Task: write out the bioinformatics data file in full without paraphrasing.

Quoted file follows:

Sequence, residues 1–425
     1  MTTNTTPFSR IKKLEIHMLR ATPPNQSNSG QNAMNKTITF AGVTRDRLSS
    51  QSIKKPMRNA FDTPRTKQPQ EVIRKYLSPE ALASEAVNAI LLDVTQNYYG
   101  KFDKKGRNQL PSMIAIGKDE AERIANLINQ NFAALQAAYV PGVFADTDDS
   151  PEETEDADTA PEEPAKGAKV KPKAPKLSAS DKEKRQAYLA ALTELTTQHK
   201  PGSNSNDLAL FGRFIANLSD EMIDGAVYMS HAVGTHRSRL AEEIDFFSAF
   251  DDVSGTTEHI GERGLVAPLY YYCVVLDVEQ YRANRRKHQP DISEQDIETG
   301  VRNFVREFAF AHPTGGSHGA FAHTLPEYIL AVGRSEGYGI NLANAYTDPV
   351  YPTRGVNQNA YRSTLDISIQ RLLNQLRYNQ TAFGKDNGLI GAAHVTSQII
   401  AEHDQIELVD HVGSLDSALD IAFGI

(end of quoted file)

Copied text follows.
Sequence, residues 1–425
     1  MTTNTTPFSR IKKLEIHMLR ATPPNQSNSG QNAMNKTITF AGVTRDRLSS
    51  QSIKKPMRNA FDTPRTKQPQ EVIRKYLSPE ALASEAVNAI LLDVTQNYYG
   101  KFDKKGRNQL PSMIAIGKDE AERIANLINQ NFAALQAAYV PGVFADTDDS
   151  PEETEDADTA PEEPAKGAKV KPKAPKLSAS DKEKRQAYLA ALTELTTQHK
   201  PGSNSNDLAL FGRFIANLSD EMIDGAVYMS HAVGTHRSRL AEEIDFFSAF
   251  DDVSGTTEHI GERGLVAPLY YYCVVLDVEQ YRANRRKHQP DISEQDIETG
   301  VRNFVREFAF AHPTGGSHGA FAHTLPEYIL AVGRSEGYGI NLANAYTDPV
   351  YPTRGVNQNA YRSTLDISIQ RLLNQLRYNQ TAFGKDNGLI GAAHVTSQII
   401  AEHDQIELVD HVGSLDSALD IAFGI